The criminal defense lawyers at Montagna, Klein, Camden understand that everyone does not have unlimited money. To help you from the very beginning, we offer a free consultation and make payment plans available to our clients. Most importantly, we offer discounts to seniors, students, military men and women, and union workers.
MILITARY, STUDENTS, SENIORS AND UNION WORKERS WELCOME
Anthony Montagna and his partners take pride in representing a broad spectrum of clients in Norfolk, Virginia Beach, Hampton, Newport News, Portsmouth, Hampton, Suffolk, Isle of Wight County, York County, New Kent County, Northampton County, Williamsburg/James City County and Accomack County. We provide a team of lawyers to provide you with the best results and offer military, student, senior, and union discounts.
WE PROVIDE AGGRESSIVE REPRESENTATION FOR INDIVIDUALS CHARGED WITH DUI
Our DUI defense firm is available 24 hours a day to answer your questions and help you get out of jail. We are capable of handling all aspects of your TRAFFIC VIOLATIONS and DUI Defense, from bond hearings to trial. To set up a free initial consultation with an experienced criminal defense attorney, contact us today.
A+ RATED BY THE BETTER BUSINESS BUREAU
When you hire Anthony Montagna, you know you will receive the best DUI defense. Anthony is A+ rated by the Better Business Bureau and has received an award by the American Institute of DUI/DWI Attorneys as one of the 1o best DUI/DWI attorneys for client satisfaction.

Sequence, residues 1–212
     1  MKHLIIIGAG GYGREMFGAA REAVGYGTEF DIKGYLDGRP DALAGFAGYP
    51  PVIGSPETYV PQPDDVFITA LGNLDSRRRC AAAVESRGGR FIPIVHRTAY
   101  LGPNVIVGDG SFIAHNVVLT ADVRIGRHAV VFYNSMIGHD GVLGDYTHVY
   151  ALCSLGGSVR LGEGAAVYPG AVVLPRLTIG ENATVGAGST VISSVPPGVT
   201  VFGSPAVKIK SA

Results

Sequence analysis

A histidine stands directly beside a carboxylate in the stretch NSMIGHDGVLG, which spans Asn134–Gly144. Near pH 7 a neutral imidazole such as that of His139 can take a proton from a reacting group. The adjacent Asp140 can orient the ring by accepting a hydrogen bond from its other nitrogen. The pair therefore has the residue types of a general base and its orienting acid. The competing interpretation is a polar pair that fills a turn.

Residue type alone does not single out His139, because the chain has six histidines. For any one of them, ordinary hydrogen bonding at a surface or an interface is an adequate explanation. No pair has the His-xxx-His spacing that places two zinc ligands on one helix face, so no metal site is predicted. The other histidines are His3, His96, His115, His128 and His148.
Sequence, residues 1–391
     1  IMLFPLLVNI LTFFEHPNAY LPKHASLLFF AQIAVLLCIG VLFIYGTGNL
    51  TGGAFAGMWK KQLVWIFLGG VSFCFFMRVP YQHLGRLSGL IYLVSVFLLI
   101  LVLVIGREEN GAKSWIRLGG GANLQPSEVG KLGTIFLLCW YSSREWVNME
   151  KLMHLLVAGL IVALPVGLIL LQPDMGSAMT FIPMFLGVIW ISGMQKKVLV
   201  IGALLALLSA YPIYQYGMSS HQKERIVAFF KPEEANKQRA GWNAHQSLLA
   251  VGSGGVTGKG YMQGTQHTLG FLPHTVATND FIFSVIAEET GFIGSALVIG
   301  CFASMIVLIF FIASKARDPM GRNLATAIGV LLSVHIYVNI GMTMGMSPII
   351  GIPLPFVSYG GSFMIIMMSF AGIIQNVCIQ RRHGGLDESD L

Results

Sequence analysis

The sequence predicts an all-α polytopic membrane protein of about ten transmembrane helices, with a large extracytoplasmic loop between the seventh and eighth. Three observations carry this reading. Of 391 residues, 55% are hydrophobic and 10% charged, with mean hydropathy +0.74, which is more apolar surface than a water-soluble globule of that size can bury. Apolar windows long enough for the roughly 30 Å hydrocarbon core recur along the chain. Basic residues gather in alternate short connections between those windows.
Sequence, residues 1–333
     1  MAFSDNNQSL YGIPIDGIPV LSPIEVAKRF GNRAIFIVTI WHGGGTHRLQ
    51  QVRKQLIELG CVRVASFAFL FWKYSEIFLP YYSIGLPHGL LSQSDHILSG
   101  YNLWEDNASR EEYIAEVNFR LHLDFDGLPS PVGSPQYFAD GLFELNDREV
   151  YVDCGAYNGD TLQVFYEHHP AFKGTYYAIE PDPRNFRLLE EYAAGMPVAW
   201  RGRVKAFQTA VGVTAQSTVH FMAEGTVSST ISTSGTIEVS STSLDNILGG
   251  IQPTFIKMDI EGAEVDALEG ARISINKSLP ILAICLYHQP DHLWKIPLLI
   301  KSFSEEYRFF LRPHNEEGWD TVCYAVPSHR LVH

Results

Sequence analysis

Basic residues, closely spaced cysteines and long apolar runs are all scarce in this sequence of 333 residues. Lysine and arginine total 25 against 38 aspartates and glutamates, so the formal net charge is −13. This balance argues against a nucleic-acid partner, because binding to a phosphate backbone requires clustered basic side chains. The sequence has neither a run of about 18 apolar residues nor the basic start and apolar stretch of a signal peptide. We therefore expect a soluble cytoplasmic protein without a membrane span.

Cities and Counties Where we represent Clients
- VIRGINIA BEACH
- ISLE OF WIGHT
- NEWPORT NEWS
- YORK COUNTY
- NEW KENT COUNTY
- WILLIAMSBURG/JAMES CITY
- NORTHAMPTON COUNTY
FREQUENTLY ASKED QUESTIONS
- What are the intoxicated related offenses? Driving While intoxicated Section 18.2-266 Five ways to convict:
- While a person has a blood alcohol concentration of 0.08 percent or more by weight by volume or 0.08 grams or more per 210 liters of breath as indicated by a chemical test administered as provided under Article
- While under the influence of alcohol
- While under the influence of any narcotic or self administered intoxicant or drug to which it impairs the person’s ability to drive safely.
- While a person is under the combined influence of alcohol and drugs that impairs his ability to operate a motor vehicle.
- While such a person has a blood concentration of any of the following substances at a level that is equal to or greater than 0.02 milligrams of cocaine per liter of blood, 0.1 milligrams of methamphetamine per liter of blood, 0.01 milligrams of phencyclidine per liter of blood, or 0.1 milligrams of 3,4 methylenedioxymethamphetamine per liter of blood.